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Advancing Humanism


Author(s): Scott Douglas Jacobsen

Publication (Outlet/Website): HerbSilverman.Com

Publication Date (yyyy/mm/dd): 2022/11/15

Scott Douglas Jacobsen: Are there any civilizations or periods in which humanist beliefs were simply not present in any way?

Dr. Herb Silverman: I think Humanist beliefs and values have always been present in every society, long before Humanism was defined. Many people have been and are humanists who hadn’t heard of Humanism. I used to be one of those people, as I suspect most Humanists were. Unfortunately, Humanism has not and does not dominate most cultures (think Nazi Germany, and authoritarian regimes today). 

Jacobsen: It claims Humanism as a culmination of these traditions of meaning, ethics, and reason. What does Humanism shed from other less effective traditions in the light of this culmination mentioned?

Silverman: Humanism sheds religious beliefs based on so-called “holy” books written thousands of years ago. Many well-meaning religious people pick and choose from their preferred ancient book and ignore embarrassing parts. They haven’t taken one addition step of rejecting their holy book and treating it as any other book where we keep the good parts and reject the bad parts. A friend who supports gay marriage pointed out that that the Bible has countless passages about social justice and only five that condemn homosexuality. He didn’t have a good answer when I asked how many condemnations of homosexuality it would take to reverse his position. Humanists don’t have rules etched in stone. We have principles and values written on paper, and some of our ideas might change through a continuing process of observation, learning, and rethinking. Reason usually hasn’t been present in religious traditions, and our ethics sometimes change as we learn more about how better to interact with and treat others. 

Jacobsen: As science is an epistemology and technology is ethically neutral, but comes out of discoveries from science, they followed in the footsteps of the other declarations about never using science and technology “callously or destructively”. How important is this note for human wellbeing and the species’ survival?

Silverman: Science and technology can be used wisely by Humanists, while considering human values. I first thought about this as a child when I read about Frankenstein (an example of science and technology gone haywire). We need to use science and technology to enhance human well-being, not simply because we have the technical know-how. Though we have lethal weapons, we should try to avoid using them. We should promote peace and peaceful negotiations whenever we can. I consider myself a pacifist, except for World War II.

Jacobsen: They emphasize something dear to me: The pursuit of a creative life. To me, this is core. I value the pursuit of creative and enjoyable pursuits of open discovery more than most things. For a life of fulfillment, have you found any limits in humanists known to you? 

Silverman: I think some Humanists can be too woke for me. Some insist that everybody proclaim which pronoun they identify with, and they criticize those who say “Black” instead of African-Americans. Those who try to restrict people from using language that others might find offensive should know that the antidote to offensive speech is your free speech right to rebut. I think Humanists acting too woke can be counterproductive when we try to bring others into the Humanist camp. I’m also concerned when Humanists publicly criticize other Humanists unfairly. One recent example is when the American Humanist Society took back the 1996 award to Richard Dawkins as Humanist of the Year, mostly because they disliked some of his tweets that they felt demeaned some marginalized groups. I think Dawkins has done more to bring atheism and humanism to countless Americans than any other individual. If the AHA stopped respecting Dawkins, they could just not give him any more awards. Such public rebuke, in my mind, was unconscionable.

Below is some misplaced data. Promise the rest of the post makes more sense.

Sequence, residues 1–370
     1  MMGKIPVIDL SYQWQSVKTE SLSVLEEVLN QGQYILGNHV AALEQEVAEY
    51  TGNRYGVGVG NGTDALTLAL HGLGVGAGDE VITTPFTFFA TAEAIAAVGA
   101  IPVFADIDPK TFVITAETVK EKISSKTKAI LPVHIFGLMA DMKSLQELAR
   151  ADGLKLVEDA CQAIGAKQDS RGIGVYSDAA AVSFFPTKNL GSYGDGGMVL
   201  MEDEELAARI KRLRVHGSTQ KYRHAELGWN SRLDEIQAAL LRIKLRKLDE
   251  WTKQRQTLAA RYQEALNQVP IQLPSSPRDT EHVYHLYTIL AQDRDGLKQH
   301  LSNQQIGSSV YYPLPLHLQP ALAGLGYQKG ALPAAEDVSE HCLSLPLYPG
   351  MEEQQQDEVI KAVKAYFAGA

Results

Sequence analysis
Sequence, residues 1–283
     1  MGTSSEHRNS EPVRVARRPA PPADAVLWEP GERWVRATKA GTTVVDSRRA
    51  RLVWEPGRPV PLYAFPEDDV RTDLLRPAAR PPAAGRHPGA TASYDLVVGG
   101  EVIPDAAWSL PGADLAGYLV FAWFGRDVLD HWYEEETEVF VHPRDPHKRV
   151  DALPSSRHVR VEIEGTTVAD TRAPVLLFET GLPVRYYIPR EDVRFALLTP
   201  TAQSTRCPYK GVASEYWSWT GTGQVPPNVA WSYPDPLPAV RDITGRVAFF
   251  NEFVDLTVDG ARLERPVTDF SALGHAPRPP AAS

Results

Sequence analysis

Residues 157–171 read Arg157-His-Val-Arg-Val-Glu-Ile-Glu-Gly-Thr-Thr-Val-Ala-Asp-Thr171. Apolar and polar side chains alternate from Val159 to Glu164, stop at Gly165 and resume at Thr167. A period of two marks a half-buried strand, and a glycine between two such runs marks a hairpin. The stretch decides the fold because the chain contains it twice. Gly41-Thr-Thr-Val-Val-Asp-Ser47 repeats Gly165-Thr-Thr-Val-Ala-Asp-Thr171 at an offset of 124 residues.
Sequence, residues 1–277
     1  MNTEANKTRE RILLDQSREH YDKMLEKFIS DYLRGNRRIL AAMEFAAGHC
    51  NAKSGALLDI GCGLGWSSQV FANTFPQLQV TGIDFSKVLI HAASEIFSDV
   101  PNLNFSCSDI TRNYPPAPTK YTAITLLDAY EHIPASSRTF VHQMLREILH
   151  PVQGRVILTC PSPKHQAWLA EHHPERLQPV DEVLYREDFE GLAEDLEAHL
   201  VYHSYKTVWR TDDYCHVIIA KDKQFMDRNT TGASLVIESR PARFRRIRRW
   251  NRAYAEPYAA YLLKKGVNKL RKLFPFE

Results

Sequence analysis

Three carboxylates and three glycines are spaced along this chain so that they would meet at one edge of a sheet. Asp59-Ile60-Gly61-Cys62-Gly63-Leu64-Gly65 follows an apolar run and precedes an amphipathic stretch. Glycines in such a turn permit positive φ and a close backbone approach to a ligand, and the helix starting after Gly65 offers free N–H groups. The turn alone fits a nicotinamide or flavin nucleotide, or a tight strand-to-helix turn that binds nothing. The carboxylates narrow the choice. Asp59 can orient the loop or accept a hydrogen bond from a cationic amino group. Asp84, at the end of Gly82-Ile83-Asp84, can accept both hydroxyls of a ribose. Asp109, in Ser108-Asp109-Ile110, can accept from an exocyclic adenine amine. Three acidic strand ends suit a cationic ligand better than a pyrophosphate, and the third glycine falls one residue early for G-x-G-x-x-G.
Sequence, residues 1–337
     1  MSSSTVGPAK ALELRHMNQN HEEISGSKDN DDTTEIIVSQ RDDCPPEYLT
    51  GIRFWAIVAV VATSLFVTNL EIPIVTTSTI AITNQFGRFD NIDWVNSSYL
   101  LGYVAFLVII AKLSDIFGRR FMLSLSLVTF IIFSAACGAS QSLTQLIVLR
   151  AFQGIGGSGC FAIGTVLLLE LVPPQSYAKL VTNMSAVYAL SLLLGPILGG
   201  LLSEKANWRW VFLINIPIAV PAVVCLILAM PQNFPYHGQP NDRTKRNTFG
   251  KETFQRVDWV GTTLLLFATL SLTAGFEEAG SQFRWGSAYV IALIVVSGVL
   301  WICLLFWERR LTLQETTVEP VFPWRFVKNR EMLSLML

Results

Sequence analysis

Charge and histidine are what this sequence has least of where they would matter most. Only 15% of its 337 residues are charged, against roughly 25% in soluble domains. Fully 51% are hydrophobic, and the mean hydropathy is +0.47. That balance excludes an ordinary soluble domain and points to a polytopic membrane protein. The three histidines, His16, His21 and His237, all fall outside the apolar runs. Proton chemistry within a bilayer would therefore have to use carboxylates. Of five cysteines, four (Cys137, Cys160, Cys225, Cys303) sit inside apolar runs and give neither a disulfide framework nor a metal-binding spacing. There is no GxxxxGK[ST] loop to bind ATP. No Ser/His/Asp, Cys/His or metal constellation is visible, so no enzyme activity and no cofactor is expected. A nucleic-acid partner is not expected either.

Jacobsen: The declaration ends on a fourth point. This is a shortlist, but comprehensive: ethics, rationality, fulfillment, and alternative meaning (signification) and purpose. They mention Humanism as an antidote to “dogmatic religion, authoritarian nationalism, tribal sectarianism, and selfish nihilism.” This is a full list. The demands on oneself are high with Humanism, but humane. That’s what I gather from this. The building of the better world is a recognition of both human refinement by oneself and others, and human fallibility to make mistakes and then to work to be better the next time around. How do you view this fourth point, especially in relation to the other points about ethics, rationality, and fulfillment? 

Silverman: I especially agree with the point that all humans, including Humanists, are fallible. That is why we try to learn from our mistakes, exchange ideas with other Humanists and people who are not (yet) Humanists. We can learn from others and sometimes change our own ideas. I like when this happens to me. By sharing our values with others, I think we can help build a better world.


In-Sight Publishing by Scott Douglas Jacobsen is licensed under a Creative Commons Attribution-NonCommercial-NoDerivatives 4.0 International License. Based on a work at


© Scott Douglas Jacobsen and In-Sight Publishing 2012-Present. Unauthorized use and/or duplication of this material without express and written permission from this site’s author and/or owner is strictly prohibited. Excerpts and links may be used, provided that full and clear credit is given to Scott Douglas Jacobsen and In-Sight Publishing with appropriate and specific direction to the original content. All interviewees and authors co-copyright their material and may disseminate for their independent purposes.

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